Germany’s refugee policy disagreements cause coalition talks to crumble

Nearly two months after Germany’s parliamentary elections, new elections are being considered by analysts as the most likely prospect after talks about forming a coalition between four parties crumbled in the late hours of Sunday night.

The economically-liberal Free Democrats Party (FDP) announced its withdrawal from the four-week negotiations after failing to reach a common ground with the other parties on pivotal issues. Christian Lindner, head of the FDP, pointed to unresolvable disagreements between the parties and announced “it is better not to rule than to rule wrongly.”

Meanwhile, Chancellor Angela Merkel said she would invest all her efforts to ensure that the country “is well managed in the difficult weeks to come.”

Merkel-ally Jens Spahn ruled out the possibility of new elections for the time being, and hinted instead at the opportunity of partnering up with the center-left Social Democrats (SPD).

“We have a capable acting government, the necessary things can get done,” he went on, assuring that “there is no grounds for panic.”

“Some SPD ministers have made clear they want to govern,” Spahn told n-tv television. “The SPD will have to… decide whether it is ready to take responsibility, for the biggest country in the middle of Europe.”

A major stumbling block during the pre-coalition talks has been Germany’s future migrant and refugee policies.

The issue has been the hot topic of German politics since Chancellor Merkel’s 2015 decision to open the German border for over a million asylum-seekers, mostly from war-torn Middle Eastern countries such as Syria and Iraq.

The open-door policy stirred controversy and, as polls show, significantly contributed to the success of a new right-wing, anti-immigrant party AfD (Alternative for Germany), who gained 12.6 percent of the vote in September’s elections.

Several terror attacks by asylum-seekers generated fear and hardened public opinion against migration, most notably the December 2016 attack in which Anis Amri, a Tunisian asylum-seeker, rammed a truck into Christmas markets in Berlin, killing 12 and injuring 56.

In the wake of a changing public mood, Merkel took measures to curb migration, including striking a deal with Turkey designed to limit asylum-seekers from reaching Europe. Allegations were also made claiming the German government secretly convinced Greek government to slow down the transfer of refugees’ family members from Greece to Germany, but Merkel’s government denies this.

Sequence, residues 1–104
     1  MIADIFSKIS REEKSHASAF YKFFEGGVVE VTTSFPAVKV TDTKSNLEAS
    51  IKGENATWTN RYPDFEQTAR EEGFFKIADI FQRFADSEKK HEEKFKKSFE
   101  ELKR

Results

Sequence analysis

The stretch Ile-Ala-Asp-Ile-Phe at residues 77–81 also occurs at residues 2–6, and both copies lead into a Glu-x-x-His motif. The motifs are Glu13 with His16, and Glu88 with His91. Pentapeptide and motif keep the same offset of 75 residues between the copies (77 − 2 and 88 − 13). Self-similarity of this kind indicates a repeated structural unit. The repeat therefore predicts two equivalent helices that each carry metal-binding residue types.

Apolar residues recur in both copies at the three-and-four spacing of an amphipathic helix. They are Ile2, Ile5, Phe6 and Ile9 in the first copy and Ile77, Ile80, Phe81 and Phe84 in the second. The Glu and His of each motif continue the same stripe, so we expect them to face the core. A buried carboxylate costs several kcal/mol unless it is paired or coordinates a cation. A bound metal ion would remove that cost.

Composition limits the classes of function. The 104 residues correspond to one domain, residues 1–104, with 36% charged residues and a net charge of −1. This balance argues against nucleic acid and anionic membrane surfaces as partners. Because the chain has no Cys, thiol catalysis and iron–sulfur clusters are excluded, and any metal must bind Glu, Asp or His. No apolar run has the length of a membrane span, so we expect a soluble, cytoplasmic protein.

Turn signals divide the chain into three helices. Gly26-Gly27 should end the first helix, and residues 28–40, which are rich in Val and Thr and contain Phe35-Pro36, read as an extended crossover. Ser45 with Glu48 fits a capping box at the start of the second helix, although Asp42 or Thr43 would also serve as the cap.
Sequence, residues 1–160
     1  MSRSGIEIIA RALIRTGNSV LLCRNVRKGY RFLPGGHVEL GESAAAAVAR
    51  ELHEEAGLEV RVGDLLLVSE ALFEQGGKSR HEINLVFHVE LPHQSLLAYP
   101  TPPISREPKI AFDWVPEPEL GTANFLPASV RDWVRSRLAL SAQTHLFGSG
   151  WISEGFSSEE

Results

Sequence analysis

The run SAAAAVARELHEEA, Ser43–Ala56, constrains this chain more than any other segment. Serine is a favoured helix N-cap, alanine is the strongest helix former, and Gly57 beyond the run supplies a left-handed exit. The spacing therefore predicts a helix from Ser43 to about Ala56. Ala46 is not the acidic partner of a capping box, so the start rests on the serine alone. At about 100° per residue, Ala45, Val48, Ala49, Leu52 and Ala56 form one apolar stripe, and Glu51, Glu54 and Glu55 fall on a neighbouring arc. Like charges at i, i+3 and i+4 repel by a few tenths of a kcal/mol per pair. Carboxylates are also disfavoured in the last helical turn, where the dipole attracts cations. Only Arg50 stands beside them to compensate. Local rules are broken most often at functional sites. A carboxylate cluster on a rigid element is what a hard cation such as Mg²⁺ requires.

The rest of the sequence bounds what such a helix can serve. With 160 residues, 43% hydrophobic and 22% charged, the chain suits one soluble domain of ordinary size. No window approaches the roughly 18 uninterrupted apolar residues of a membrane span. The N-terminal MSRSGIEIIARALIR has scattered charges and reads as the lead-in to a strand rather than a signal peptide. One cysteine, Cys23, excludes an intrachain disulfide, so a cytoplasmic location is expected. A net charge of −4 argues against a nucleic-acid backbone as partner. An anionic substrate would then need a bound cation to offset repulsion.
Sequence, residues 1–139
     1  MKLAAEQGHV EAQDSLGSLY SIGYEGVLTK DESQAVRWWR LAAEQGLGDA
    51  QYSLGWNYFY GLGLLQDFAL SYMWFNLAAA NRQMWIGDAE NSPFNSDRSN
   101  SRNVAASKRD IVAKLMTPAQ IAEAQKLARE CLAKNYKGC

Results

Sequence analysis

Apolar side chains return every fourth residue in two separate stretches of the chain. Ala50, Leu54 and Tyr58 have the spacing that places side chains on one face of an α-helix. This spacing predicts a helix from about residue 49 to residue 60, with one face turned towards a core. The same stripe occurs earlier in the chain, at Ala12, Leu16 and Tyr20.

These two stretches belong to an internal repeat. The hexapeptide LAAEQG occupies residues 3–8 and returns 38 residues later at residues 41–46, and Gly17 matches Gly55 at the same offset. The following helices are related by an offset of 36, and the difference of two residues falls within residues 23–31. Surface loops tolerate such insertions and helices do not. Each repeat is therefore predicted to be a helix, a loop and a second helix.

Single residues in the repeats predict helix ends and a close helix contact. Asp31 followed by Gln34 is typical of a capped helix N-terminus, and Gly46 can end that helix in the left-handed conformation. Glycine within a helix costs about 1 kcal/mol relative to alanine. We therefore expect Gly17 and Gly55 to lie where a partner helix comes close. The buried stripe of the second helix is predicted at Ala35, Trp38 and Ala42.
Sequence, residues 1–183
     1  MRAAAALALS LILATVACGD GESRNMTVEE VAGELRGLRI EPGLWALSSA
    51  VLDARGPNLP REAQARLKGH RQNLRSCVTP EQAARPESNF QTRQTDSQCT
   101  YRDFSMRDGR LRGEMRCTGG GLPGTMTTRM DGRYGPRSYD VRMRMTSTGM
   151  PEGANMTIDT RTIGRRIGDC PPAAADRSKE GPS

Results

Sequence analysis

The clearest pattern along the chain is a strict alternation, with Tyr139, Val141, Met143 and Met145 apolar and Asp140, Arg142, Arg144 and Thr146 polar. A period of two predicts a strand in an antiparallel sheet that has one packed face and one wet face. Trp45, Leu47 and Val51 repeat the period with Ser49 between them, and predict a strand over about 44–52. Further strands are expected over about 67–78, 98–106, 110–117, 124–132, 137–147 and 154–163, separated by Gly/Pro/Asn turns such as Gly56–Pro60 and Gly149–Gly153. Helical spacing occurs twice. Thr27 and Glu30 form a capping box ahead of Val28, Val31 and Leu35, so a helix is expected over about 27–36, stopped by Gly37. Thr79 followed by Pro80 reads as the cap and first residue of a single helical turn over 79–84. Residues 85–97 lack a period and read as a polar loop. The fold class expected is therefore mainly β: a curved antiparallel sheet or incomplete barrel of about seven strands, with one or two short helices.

Nevertheless, the ongoing influx of asylum-seekers coupled with the question of what will happen to those that have already arrived was a central issue in coalition talks.

In the German system of parliamentary democracy, several parties are usually required to form a coalition in order to effectively govern the country.

Over the previous four years, the two biggest parties, Merkel’s center-right Christian-Democratic Union (CDU) and Martin Schulz’s SPD, formed a so-called Grand Coalition. Since September’s elections, however, four parties have been discussing terms for potentially forming a new coalition: Merkel’s CDU sought to unite with its sister party, the Christian Social Union (CSU), the Green Party, and the pro-business FDP.

But these parties faced fundamental policy disagreements, with Green Party advocating for liberal migration policies, while the FDP and the CSU took a tougher stance.

One of the most controversial issues involves the right of accepted asylum-seekers to bring family members into Germany. The right to family reunification has been suspended for refugees who received a lower status of protection – subsidiary protection – which is provided for those who escaped from a general threat such as armed conflict, rather than individual persecution.

Subsidiary protection applies to most Syrian refugees, who makes up 36 percent of asylum requests filed in Germany in 2016.

The Green Party sought to allow these refugees to bring their children, spouses, and – if the refugees are minors – parents to accompany them in Germany, arguing that this would facilitate and support their integration into German society.

On the other end of the spectrum, FDP representatives argued that general permission for family reunification would present an unacceptable social and economic burden upon the country; instead they wanted to limit family reunification to a few individually-assessed “cases of hardship”.

The CSU also opposed family reunification and further demanded a yearly cap on the maximum number of asylum seekers Germany would accept.

The parties’ divided stances represent the German population’s split on the issue. In 2015, thousands of volunteers dedicated time to help asylum seekers gain a footing in Germany, in what became known as Germany’s famous willkommenskultur, or ‘welcome culture’.

Since then, however, skepticism has crept in and spread, not least due to a number of Islamist-inspired terror attacks from asylum-seekers on German soil. According to recent polls, 56 percent support a yearly cap on the number of accepted refugees, and only a quarter of Germans are in favor of family reunification.

Now, following the failure of pre-coalition negotiations, Merkel faces the prospect of attempting to lead with a fragile minority government, or to hold new elections; most analysts consider the latter to be the most likely scenario, but this could pose an undesirable outcome for parties involved in pre-coalition talks as it may benefit the self-styled outsiders, AfD.

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